Researchers UMCG: Accelerated aging of lung vessels explains progression of lung disease PAH

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Researchers at the UMCG have discovered that accelerated aging of lung vessels explains why the deadly lung disease worsens PAH (pulmonary arterial hypertension) in patients. They also researched a new therapy that can treat this disease. An experimental anti-aging agent was used for this.

PAH

PAH is a rare, chronic lung disease. In the Netherlands, about 800 people are diagnosed with pulmonary arterial hypertension. Lung vessels slowly close in patients with PAH. This causes high blood pressure in the lungs.

PAH is a deadly disease that can also present in childhood, such as in children with congenital heart disease. In very young children, surgery for the heart defect can prevent and even reverse the progression of PAH.

However, if the diagnosis is made (too) late or the surgery takes place too late, PAH will lose this ‘reversibility’ and blood pressure in the lungs will continue to rise. This eventually leads to heart failure at a young age.

There are currently no treatments that can cure PAH.

Presence of rapidly aged cells

The research group of the UMCG / University of Groningen, which was led by Prof. Rolf Berger and Dr. Beatrijs Bartelds, mimicked a congenital heart defect in rats. The researchers saw that these rats developed a form of PAH that resembles the disease in humans, including a reversible and irreversible phase.

The researchers then, in collaboration with Stanford University, compared the genetic profiles of these rats, and they were found to differ essentially.

Under the microscope, it was found that the vessels of rats with irreversible PAH contain increased numbers of so-called ‘senescent cells’: cells that have accelerated aging and have lost their normal function. These cells cannot be removed by the body because they are resistant to normal programmed cell death.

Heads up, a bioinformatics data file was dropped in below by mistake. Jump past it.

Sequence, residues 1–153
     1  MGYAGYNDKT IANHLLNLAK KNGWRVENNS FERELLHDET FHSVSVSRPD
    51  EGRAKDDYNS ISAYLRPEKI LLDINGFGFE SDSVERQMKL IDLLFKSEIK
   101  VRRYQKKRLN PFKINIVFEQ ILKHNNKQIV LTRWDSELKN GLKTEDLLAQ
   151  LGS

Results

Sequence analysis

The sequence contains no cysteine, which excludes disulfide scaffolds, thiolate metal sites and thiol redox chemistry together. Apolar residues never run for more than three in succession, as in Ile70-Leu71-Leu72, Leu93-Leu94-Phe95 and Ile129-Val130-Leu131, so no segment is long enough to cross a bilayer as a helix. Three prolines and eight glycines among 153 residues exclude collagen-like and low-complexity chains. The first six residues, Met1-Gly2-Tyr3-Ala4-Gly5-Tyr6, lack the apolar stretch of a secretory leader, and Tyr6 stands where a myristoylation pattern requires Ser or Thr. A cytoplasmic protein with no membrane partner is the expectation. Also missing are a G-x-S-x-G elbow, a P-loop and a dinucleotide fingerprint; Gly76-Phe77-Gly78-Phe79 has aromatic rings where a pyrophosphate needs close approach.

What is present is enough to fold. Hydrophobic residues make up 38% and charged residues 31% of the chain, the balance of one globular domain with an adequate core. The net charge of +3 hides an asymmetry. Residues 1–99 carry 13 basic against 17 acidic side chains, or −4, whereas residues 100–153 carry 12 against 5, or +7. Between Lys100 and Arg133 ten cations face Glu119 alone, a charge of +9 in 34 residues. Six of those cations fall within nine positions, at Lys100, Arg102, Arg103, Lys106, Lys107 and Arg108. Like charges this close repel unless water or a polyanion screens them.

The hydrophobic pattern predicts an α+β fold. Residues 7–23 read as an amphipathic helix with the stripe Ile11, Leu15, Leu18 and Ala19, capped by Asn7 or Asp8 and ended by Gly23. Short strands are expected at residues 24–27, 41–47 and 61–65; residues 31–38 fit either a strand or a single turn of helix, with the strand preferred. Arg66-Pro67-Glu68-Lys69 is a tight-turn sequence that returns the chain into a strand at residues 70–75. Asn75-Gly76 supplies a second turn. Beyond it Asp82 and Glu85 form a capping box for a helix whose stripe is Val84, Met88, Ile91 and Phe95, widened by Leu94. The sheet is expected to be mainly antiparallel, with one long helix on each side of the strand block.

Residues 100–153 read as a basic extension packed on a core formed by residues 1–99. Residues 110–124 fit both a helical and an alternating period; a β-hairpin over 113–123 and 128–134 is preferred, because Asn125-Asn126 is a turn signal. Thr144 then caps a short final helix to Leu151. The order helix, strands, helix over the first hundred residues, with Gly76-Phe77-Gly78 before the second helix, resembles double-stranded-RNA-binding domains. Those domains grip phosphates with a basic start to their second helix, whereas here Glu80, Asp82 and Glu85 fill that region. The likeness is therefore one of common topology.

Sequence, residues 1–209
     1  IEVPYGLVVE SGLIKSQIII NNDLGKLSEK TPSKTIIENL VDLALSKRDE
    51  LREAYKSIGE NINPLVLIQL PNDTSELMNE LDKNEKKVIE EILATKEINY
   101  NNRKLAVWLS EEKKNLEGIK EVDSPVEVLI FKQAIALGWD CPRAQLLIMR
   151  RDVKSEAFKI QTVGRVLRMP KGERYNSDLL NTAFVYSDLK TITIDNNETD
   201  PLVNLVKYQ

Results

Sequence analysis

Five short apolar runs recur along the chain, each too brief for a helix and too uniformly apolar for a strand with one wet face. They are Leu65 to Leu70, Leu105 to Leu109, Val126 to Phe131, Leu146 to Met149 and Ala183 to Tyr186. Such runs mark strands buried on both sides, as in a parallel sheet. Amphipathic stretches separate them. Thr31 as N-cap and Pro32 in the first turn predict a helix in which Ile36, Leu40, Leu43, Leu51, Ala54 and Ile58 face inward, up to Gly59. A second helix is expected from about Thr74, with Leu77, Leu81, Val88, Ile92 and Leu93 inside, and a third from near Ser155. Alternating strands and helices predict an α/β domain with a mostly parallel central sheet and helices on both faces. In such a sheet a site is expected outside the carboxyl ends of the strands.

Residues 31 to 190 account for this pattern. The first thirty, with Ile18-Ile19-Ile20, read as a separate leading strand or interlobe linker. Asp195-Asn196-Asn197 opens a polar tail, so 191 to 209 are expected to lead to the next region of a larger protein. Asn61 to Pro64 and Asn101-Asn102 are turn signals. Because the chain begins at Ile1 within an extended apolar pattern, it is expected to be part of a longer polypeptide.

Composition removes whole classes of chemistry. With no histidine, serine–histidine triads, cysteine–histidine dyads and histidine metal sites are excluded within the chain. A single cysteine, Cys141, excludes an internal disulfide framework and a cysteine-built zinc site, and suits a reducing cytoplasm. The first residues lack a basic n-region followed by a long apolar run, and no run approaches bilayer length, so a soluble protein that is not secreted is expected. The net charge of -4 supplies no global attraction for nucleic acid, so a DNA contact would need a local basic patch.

Moreover, because these cells continuously excrete inflammatory factors, the accumulation of these aged cells leads to the stiffening and accelerated closure of the blood vessels in the lung.

Treatment with anti-aging agent

It is the first time that the presence of these aged cells is first associated with the irreversibility of PAH. The researchers then wondered whether removing these cells could help treat PAH.

This is possible with an experimental anti-aging agent, ABT-263. This kills the obsolete cells in the lung vessels, while the healthy cells can multiply again to repair the vessels.

The researchers gave ABT-263 to the rats with irreversible PAH, and showed that the vessels got through again and blood pressure in the lungs dropped. In addition, new, healthy vessels also appeared to develop after treatment.

“It has been known since the 1950s that PAH has reversible and irreversible phases,” says UMCG researcher Diederik van der Feen. “These results provide the first insight into why the disease becomes irreversible.”

Professor Marlene Rabinovitch of Stanford University (USA) adds that “the mechanism of reversibility is one of the major unresolved questions in PAH research, and this study provides important clues.”

The findings were published Thursday in the scientific journal Science Translational Medicine.

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